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Alternative Spring Break tackles social, environmental issues

Monday, July 28, 2008 | 2:25 p.m. CDT; updated 3:08 p.m. CDT, Monday, July 28, 2008

It was her junior year, and Mary Jo Ryan, now 23, spent Spring Break volunteering in Atlanta. The most influential place she said she volunteered was a substance abuse rehabilitation house. Ryan and her team of fellow students had been there only five or six hours when, after dinner, the men shared openly, even crying, about their dependency issues. For Ryan, it was an experience that continues to influence her today.

Ryan went to Atlanta with a group of 12 students from MU, all of whom wanted an alternative Spring Break instead of one spent at a beach. Alternative Spring Break is an organization that works in conjunction with the Office of Community Involvement under the umbrella of MU's Student Life Office.

What to expect

What to expect from your service-learning class:

Direct and intensive service activities that you feel are important - You will participate in service for approximately 3 hours a week, depending on the program in which you enroll.

Class work that builds on and enhances the service experience - You will discuss your service with others and reflect on how you have grown and what you have learned.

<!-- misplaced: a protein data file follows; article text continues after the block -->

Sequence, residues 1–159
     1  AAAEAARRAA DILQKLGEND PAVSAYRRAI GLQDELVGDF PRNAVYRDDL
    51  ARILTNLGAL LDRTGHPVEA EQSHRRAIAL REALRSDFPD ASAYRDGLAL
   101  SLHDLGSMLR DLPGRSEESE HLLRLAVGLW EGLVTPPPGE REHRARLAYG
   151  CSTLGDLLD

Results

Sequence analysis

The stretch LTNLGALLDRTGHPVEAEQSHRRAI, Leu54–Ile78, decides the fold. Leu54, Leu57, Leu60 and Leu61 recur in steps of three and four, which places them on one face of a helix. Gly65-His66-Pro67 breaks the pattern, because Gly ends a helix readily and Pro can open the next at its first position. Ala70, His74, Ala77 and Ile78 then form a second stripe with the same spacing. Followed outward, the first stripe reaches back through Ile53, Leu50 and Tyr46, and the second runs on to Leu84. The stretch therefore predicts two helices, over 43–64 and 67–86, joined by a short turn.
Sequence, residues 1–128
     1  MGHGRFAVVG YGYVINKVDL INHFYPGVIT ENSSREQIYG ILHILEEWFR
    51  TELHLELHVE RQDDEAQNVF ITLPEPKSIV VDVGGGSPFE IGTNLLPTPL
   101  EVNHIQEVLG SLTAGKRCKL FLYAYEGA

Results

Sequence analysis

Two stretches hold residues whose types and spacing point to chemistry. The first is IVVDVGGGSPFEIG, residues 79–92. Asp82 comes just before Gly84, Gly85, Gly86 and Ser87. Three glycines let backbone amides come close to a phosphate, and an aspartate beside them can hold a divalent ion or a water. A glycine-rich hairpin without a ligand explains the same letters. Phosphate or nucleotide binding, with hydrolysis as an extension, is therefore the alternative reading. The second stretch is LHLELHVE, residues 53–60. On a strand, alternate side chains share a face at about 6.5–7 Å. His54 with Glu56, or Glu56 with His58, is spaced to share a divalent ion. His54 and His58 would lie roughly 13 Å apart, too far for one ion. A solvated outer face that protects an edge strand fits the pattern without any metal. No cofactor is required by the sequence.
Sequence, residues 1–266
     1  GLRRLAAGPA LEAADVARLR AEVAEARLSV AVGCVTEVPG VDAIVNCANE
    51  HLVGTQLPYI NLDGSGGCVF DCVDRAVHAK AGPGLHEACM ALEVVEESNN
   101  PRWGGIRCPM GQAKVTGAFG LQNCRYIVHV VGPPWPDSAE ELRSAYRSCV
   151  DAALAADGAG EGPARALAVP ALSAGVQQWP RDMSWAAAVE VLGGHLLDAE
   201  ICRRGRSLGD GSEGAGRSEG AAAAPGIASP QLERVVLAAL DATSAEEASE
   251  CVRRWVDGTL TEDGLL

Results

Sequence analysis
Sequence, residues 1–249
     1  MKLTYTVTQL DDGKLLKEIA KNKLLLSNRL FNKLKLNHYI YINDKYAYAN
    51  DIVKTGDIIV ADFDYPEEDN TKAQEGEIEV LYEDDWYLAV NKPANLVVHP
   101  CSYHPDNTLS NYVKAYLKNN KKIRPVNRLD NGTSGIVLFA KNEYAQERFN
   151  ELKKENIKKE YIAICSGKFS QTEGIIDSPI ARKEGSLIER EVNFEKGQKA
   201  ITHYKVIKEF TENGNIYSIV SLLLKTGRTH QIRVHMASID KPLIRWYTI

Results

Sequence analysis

A clear idea of your service goals and how they tie into your class.

A direct connection with the recipients of your service - You will be fulfilling needs that they have clearly defined, not just performing unnecessary or unwanted tasks.

A clear idea of what you should do - You will receive training and support for your activities.

A program that is committed to participation by and with diverse populations - The program will make every effort to include and make welcome persons from differing ethnic, racial and religious backgrounds, as well as varied ages, genders, economic levels and those with disabilities.

 



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The organization sends teams of students to do service projects in areas affected by social or environmental issues across the United States. Last year, eight teams of students participated. Students worked in domestic abuse shelters and at soup kitchens and assisted disadvantaged children and the homeless. They helped endangered animals and improved shelters and infrastructure in communities.

Alternative Spring Break began in 1991. According to its Web site, the mission has been to "educate a diverse group of students about specific social and environmental issues by immersing them in communities across the nation to engage in meaningful, direct service" and to "build future leaders that are active, conscientious citizens with knowledge and concern for solving our nation's most pressing social and environmental problems."

The trip not only made an impact on Ryan, she said, but it made a difference in the lives of those the students were serving.

"Our example, just being there, made a difference in (the men's) lives. We were what they wanted for their kids (to become)," Ryan said.

 


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